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'A living museum'

Linda Beutler and the Friends of the Rogerson Clematis Collection preserve the stories of more than 1,500 plants


REVIEW PHOTO: VERN UYETAKE - Curator Linda Beutler tends to one of the 1,500 plants in the Rogerson Clematis Garden at Luscher Farm. Its like managing a living museum, she says.REVIEW PHOTO: VERN UYETAKE - Flowering clematis plants turn the Rogerson Garden into a showplace of brilliant colors. This one is a Fairy Blue Crystal Fountain.Officially, Linda Beutler is known as the curator of the Friends of the Rogerson Clematis Collection, but the Lake Oswego woman’s role extends far beyond caring for the group’s 1,500 plants and insuring the integrity of the collection.

Beutler is also the keeper of stories deeply rooted in Luscher Farm’s Rogerson Clematis Garden — stories of grace, courage and inspiration that propagated before and after the First World War.

In short, Beutler keeps the collection’s stories alive.

“It’s like managing a living museum,” she says. “My work just happens to be alive.”

Located just outside Lake Oswego at 125 Rosemont Road in West Linn, the Rogerson Clematis Garden thrives in an environment that brings some 123 members to care for more than 700 varieties of clematis. Normally open to the public every day from 8 a.m. to dusk, it will be the centerpiece later this month of the ninth-annual Inviting Vines Garden Party and Tour.

The special event, which is scheduled for 10 a.m.-4 p.m. on Saturday, May 28, will also include two additional gardens — the Ainsworth House in Oregon City and the Tuttle Garden in Rivergrove. Tickets are $20 and can be purchased online at rogersonclematiscollection.org/events.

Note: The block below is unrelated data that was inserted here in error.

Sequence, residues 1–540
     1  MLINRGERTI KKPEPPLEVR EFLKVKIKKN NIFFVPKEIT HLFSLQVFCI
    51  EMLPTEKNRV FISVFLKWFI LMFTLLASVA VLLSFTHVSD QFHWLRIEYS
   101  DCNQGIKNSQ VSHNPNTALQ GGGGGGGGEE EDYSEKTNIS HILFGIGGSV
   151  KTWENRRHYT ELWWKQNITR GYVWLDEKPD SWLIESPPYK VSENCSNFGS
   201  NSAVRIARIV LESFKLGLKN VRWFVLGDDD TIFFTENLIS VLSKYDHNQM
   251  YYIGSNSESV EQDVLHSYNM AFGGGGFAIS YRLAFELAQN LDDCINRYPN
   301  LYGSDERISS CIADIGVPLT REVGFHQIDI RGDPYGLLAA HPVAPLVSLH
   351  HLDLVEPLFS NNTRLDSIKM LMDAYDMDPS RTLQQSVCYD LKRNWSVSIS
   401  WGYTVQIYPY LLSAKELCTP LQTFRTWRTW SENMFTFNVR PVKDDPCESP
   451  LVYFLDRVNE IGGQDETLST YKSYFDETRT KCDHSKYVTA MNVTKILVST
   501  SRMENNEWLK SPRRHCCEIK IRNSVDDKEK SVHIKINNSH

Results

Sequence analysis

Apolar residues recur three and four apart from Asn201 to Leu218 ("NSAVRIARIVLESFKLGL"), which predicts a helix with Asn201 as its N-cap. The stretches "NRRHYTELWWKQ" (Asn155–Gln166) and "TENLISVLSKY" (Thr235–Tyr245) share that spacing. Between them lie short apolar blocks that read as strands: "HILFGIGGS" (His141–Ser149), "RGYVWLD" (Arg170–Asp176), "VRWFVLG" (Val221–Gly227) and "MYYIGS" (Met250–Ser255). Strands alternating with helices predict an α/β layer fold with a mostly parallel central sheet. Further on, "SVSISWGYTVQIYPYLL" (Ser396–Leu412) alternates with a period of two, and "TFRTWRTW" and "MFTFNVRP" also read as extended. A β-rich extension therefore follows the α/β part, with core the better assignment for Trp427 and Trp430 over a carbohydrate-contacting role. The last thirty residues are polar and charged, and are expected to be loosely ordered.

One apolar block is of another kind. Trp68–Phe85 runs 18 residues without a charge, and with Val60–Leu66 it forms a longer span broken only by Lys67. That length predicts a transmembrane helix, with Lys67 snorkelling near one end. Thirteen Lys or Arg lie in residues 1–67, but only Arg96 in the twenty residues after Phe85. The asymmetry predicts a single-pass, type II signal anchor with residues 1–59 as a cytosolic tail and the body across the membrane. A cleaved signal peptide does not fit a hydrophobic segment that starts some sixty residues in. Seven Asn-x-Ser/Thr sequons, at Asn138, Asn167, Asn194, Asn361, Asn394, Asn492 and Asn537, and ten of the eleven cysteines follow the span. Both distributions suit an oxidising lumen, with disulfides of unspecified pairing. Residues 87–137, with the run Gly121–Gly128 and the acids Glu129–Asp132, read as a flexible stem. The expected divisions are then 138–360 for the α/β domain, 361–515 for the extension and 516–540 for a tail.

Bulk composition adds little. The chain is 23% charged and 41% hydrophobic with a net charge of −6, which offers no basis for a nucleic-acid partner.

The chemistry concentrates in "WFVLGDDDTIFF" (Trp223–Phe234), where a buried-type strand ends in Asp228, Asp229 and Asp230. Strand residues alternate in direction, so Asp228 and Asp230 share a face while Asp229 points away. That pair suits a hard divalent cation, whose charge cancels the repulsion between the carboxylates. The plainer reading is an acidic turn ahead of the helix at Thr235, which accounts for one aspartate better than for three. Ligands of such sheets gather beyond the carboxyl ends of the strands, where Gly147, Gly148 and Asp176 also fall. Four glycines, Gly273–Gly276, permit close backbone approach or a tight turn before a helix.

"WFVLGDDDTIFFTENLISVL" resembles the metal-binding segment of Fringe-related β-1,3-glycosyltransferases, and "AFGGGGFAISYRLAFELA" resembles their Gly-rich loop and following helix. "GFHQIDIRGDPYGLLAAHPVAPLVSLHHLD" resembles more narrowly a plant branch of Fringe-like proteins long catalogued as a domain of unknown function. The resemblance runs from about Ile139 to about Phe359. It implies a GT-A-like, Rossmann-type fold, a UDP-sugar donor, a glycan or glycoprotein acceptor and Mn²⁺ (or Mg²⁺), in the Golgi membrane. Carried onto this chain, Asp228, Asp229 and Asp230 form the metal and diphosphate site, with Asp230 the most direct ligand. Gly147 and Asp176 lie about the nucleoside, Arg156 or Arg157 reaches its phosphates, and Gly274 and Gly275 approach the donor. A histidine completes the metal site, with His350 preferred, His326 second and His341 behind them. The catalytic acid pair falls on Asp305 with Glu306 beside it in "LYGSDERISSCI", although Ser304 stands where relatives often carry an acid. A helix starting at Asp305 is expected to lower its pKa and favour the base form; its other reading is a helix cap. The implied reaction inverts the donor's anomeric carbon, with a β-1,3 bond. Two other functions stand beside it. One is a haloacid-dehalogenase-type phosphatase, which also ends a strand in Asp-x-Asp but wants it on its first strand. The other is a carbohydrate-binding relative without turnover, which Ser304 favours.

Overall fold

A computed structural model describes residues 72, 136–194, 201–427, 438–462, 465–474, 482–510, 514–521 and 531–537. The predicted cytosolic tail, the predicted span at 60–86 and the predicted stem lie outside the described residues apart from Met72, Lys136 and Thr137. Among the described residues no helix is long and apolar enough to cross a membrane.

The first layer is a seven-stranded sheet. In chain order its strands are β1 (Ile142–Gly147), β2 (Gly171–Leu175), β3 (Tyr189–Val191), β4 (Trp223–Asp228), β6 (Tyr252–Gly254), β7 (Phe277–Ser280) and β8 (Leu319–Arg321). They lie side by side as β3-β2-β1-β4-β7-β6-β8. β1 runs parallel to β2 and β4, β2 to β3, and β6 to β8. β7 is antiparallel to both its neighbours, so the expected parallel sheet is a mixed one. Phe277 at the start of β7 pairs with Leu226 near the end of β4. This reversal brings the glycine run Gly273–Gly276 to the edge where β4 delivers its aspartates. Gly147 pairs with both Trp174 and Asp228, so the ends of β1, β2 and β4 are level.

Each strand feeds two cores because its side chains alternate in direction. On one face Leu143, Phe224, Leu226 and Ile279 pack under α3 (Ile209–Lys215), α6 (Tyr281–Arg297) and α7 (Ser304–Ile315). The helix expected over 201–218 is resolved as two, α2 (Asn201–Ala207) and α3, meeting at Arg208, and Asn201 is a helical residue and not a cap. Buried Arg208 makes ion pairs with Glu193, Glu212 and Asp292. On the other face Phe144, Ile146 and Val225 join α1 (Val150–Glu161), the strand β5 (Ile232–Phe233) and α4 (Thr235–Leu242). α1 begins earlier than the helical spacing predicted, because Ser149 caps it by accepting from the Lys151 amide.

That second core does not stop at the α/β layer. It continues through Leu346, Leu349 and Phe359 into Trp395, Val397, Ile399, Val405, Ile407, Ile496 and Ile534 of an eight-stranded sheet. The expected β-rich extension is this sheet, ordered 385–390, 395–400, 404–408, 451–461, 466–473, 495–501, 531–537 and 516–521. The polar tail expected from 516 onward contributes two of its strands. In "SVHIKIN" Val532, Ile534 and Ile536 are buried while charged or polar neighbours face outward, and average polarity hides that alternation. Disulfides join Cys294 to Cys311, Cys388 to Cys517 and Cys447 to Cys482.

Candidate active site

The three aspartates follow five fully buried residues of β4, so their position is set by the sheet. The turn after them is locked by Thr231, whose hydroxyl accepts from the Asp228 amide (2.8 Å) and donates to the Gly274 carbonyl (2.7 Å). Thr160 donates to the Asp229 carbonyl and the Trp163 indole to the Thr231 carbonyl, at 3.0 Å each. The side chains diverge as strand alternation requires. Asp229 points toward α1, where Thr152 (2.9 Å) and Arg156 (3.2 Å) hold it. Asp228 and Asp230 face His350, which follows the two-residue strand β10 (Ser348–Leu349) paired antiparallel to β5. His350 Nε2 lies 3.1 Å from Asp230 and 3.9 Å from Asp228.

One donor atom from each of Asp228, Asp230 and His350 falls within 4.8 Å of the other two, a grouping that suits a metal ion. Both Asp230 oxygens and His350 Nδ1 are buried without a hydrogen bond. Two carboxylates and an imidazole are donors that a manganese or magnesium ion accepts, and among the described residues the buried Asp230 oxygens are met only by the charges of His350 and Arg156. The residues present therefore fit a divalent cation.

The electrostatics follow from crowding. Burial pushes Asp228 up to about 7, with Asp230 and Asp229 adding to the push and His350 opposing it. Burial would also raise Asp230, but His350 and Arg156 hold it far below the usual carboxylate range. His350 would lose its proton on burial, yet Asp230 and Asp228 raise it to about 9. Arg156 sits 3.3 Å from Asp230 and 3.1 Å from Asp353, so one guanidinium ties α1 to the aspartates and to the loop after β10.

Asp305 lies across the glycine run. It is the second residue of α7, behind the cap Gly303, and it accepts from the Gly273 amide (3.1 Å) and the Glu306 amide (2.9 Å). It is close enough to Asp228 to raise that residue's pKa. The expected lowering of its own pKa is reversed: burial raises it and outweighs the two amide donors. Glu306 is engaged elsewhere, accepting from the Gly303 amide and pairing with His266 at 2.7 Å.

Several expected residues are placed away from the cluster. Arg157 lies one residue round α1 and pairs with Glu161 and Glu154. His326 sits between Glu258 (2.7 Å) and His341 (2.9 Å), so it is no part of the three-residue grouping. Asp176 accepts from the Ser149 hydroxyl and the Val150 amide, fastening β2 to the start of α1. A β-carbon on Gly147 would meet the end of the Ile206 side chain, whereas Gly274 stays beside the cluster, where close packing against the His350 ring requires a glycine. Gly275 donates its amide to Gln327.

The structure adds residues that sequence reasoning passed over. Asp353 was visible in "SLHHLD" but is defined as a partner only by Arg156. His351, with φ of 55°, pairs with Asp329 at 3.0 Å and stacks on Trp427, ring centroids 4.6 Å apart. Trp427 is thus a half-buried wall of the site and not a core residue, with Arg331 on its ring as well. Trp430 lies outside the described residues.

During the tour, Beutler will be selling copies of her new book, “A Plant Lover’s Guide to Clematis,” at Luscher Farm, where Brewster Rogerson first brought his collection in 2005.

Rogerson, for whom the collection is named, was a “natural born collector” who gathered first editions of great works of literature and old recordings of opera singers, Beutler says.

“Then he collected clematis,” she says. “He considered them beautiful objects that happened to be alive.”

Rogerson was an English professor at Kansas State University when he made an “impulse purchase of four infant vines in the early 1970s,” he wrote before he died last May. As he neared retirement in 1981, he moved to Oregon to focus on his young plant collection.REVIEW PHOTO: VERN UYETAKE - Rogerson Clematis Garden isnt involved in breeding new plants, but its volunteers do grow some of the world's most unique clematis varieties.

Two decades later, he brought the collection to Luscher Farm. And today, the garden is home to more than 1,500 plants that flourish under the Friends’ care, even though for many, home is thousands of miles away.

“They are very, very adaptable,” says Beutler, the first American president of the International Clematis Society. “I think assumptions are made on the climate where they were found, but then you move them into a garden and they do just fine.”